Great Films: Stalker (Andrei Tarkovsky, 1979, West Germany / USSR)


In Andrei Tarkovsky’s earlier, and more famous Solyaris (1972), a science-fiction setting allowed the director to explore philosophical and exisitential themes via its artificially created environment: a vast ocean mysteriously created lifelike clones based on certain individuals from the characters’ pasts, forcing them to confront their deepest innermost regrets. Stalker offers a different artifice, a mysterious ‘Zone’ where, by contrast, people’s deepest wishes are made to come true; through this setup, Tarkovsky again is able to meditate on the nature of the human condition, exploring ideas and emotions like few other directors have been able to.

The Zone is a mystery: it has been cordoned off by the military, with security checkpoints guarding the entrances. The film opens with the Stalker of the title about to embark on a journey into the Zone, and we soon discover that he is a kind of hired people smuggler, ferrying in those who wish to enter for a mercenary fee. On this occasion, two such individuals are undertaking the journey, intellectuals named Writer and Professor.

Tarkovsky himself was famously an unashamedly intellectual director, and the setup of these three characters is a Beckett-like device to explore different aspects and facets of the human condition. The two intellectuals have differing backgrounds, as evidenced by their pseudonyms; Writer believes in artistic expression, in the unselfishness of his craft, while Professor is a scientist who is more rational, and more believing in cast-iron rules governing life. Stalker is a more passive character; acting as their escort into the Zone, he seems not to ask their motivations for wanting to go there, but becomes increasingly haughty as they disobey his safety instructions.

The Zone is a dangerous place, almost a sentient living organism which plays games and tricks on those who enter, constantly setting traps for those who do not take sufficient care in their traversal. But the facts of the Zone are not important; as the journey continues, it is the Writer’s and Professor’s attitudes and reactions towards it that become of greater significance, and in turn what the construct of the Zone appears to reveal to them about themselves. We become increasingly aware that the Zone is in effect a metaphor for spirituality, religion, hope, in essence a Kierkegaardian leap of faith. Stalker, then, is the spiritual guide, a combination of preacher, priest and theological ferryman for Writer and Professor, and the others who wish to enter the Zone.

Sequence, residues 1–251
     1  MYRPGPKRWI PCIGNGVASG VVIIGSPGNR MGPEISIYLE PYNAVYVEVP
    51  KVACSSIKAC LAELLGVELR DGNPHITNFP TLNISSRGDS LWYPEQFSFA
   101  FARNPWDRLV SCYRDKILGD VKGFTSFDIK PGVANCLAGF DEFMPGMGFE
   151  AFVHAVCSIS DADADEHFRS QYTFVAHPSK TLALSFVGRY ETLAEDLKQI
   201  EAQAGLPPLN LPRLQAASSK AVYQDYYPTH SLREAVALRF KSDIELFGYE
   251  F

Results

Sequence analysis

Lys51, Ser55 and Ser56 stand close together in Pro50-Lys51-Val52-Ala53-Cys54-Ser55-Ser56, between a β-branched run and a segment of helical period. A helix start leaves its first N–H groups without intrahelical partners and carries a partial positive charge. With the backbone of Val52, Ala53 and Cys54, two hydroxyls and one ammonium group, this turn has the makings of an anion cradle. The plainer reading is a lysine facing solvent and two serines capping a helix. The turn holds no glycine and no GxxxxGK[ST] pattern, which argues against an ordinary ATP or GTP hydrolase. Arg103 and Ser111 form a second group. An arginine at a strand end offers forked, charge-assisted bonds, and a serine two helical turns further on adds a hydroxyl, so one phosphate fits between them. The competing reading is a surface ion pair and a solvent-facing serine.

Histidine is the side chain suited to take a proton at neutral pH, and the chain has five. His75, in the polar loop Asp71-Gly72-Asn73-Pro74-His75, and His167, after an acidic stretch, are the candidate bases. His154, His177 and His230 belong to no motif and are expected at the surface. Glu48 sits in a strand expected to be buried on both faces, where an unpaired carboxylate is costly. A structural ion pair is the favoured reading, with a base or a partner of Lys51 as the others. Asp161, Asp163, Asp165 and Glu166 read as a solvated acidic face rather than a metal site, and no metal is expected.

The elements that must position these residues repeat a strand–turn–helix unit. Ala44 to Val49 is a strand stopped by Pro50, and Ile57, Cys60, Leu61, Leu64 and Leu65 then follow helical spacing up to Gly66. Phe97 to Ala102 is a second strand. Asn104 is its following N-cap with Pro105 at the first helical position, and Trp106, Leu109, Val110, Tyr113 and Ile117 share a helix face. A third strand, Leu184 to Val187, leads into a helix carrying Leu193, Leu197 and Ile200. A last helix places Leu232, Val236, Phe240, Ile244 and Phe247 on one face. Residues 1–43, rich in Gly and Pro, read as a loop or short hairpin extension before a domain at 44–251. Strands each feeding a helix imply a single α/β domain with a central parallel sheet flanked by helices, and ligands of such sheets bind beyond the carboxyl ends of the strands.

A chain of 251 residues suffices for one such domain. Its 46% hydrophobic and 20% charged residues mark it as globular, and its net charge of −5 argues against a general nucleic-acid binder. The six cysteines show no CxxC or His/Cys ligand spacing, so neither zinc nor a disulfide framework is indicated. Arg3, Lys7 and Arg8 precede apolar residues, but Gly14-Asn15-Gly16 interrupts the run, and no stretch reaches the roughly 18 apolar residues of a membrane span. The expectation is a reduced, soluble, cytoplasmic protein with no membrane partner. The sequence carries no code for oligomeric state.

Writer is a man who appears to believe in artistic expression, its selflessness in providing enjoyment for others. He claims to have many followers, and countless women throwing themselves at him. He appears not to want for anything, but he is unhappy; for all of his triumphs in the material world, he is spiritually devoid, even the love of his admirers leaving him empty of feeling. In one moment as they near the Room, the centre of the Zone, he dons a crown of thorns – does he wish to become a Jesus-like figure, and does this imply some form of martyrdom?

As for Professor, he seems to represent the rational perspective on faith: one driven by fear and scepticism. Whilst seemingly interested by the nature of the Zone, and motivated by a desire to study and measure it in order to gain professional recognition, he seems also to be afraid of its potential if it fell into the wrong hands. This fear indeed prompts Professor to plan its destruction – perhaps in order to give meaning to his otherwise unremarkable academic life. Like Writer, he is unsatisfied with his lot in life, and the Zone appears to offer some sort of reason for his existence.

This theme is later turned on Stalker himself, for the most part a benign influence on proceedings. When confronted with the others’ existential doubts, and challenged himself, he admits that he has become defined by his relationship to the Zone, and those venturing into it; his family, who we glimpse at the beginning and end of the film, despair at his constant travelling there, so fraught with danger it is that they are never sure whether he will return. His daughter is crippled, yet he never seems to consider that entering the Room may cure her – does he realise that his deepest wish is not to see her finally walk? Stalker appears to me to represent Kierkegaard’s model of the true Christian believer – filled with fear and trembling, despising others’ lack of true faith.

It is truly remarkable that Stalker, through its conceits of construction, manages to touch on such deep and varied philosophical issues; while the three characters may seem to be archetypes, they rarely seem predictable or overly stereotypical. One’s reation to the film, and one’s sympathy with the various characters, is highly dependent on one’s individual point of view and philosophy. As our three protagonists descend on their projected destination, we ourselves are able to discover the Writer, Professor and Stalker within ourselves.

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